Imagine the following hypothetical, patterned on an actual case pending in federal court, and you can begin to appreciate why there is a growing awareness of the need to have clear analytical thinking regarding the admissibility of electronically stored information, variously referred to as “ESI,” “digital,” “electronic,” “computer generated,” or “computer stored” evidence in state and federal courts. ConsumerPro is a corporation that provides installment credit to consumers with poor or un-established credit records to enable them to purchase on credit expensive electronic and computer products like flat screen televisions, computers, and entertainment systems. Under their business plan, a purchaser agrees to buy a product in installments, such as automatic withdrawals from a bank account, and only after the purchaser has made a series of payments is the product shipped to the purchaser, who then continues to make payments until the purchase price is fully paid.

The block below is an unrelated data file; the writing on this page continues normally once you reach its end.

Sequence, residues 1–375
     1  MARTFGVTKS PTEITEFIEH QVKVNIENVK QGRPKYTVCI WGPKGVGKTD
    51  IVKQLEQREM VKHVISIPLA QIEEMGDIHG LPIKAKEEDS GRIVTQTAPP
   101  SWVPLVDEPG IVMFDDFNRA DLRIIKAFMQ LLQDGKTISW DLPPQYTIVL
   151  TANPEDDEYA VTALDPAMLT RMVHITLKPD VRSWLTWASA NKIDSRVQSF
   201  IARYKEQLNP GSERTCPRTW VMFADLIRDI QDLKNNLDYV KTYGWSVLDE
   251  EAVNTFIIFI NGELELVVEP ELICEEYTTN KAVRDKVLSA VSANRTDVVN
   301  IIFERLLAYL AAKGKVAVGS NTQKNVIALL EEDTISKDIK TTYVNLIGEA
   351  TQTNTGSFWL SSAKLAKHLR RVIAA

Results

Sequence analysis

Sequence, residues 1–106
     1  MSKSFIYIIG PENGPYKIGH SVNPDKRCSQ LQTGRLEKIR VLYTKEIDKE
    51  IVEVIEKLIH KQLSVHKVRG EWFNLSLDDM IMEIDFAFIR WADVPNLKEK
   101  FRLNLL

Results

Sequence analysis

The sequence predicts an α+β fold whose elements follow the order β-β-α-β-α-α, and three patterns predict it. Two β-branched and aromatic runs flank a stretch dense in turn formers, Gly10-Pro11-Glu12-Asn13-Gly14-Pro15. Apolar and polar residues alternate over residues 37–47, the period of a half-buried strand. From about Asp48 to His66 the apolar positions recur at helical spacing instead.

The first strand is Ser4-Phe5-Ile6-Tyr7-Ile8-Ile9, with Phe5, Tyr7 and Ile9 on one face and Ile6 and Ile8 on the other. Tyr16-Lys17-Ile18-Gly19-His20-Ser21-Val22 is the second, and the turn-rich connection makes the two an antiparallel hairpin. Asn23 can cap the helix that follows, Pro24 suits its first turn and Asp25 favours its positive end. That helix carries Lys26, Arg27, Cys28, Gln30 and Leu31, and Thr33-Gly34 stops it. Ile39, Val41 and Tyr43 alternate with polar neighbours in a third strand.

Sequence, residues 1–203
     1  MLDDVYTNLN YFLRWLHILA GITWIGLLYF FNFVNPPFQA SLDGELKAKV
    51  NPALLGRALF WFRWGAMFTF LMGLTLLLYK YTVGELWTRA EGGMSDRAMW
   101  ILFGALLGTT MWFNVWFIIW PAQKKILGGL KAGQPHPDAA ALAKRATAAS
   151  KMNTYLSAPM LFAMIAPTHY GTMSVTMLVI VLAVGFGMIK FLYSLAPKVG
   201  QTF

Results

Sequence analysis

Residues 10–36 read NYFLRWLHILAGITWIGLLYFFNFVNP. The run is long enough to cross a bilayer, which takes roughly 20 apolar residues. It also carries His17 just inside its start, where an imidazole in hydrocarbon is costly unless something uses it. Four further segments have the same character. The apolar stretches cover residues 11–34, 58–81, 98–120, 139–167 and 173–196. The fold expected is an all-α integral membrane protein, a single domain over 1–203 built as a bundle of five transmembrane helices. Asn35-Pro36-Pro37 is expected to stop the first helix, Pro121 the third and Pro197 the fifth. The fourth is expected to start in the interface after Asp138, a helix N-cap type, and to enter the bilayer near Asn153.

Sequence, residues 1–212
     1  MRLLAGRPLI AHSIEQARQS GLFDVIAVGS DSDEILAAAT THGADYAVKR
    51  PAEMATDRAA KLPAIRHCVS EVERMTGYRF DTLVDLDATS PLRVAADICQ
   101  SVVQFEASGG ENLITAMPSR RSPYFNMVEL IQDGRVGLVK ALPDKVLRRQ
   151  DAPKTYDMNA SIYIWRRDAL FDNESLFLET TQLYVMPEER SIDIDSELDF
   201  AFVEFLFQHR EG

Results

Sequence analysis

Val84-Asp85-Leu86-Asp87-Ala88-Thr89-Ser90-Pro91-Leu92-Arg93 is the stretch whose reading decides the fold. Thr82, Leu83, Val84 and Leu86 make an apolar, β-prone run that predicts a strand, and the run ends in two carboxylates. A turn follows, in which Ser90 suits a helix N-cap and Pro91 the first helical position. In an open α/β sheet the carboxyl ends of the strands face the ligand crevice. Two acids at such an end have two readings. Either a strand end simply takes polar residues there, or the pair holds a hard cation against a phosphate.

Grimm, Hon. Paul W.; Ziccardi, Michael V. Esq.; and Major, Alexander W. Esq.
"Back to the Future: Lorraine v. Markel American Insurance Co. and New Findings on the Admissibility of Electronically Stored Information,"
Akron Law Review: Vol. 42:
2, Article 2.
Available at: https://ideaexchange.uakron.edu/akronlawreview/vol42/iss2/2